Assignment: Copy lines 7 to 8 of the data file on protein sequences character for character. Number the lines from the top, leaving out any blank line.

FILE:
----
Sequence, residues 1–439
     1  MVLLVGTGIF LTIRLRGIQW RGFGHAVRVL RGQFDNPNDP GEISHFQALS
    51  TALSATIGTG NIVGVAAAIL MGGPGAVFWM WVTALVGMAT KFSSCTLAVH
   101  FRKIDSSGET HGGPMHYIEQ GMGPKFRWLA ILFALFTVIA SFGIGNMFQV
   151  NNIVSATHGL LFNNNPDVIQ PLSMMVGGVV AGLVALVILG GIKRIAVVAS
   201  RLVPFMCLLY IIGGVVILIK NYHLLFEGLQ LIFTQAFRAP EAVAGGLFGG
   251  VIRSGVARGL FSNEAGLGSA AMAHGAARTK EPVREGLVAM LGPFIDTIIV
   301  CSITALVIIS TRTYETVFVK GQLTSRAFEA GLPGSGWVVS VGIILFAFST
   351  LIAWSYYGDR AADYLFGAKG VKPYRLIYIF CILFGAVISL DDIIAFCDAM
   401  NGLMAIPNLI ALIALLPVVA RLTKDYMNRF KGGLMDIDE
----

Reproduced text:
   251  VIRSGVARGL FSNEAGLGSA AMAHGAARTK EPVREGLVAM LGPFIDTIIV
   301  CSITALVIIS TRTYETVFVK GQLTSRAFEA GLPGSGWVVS VGIILFAFST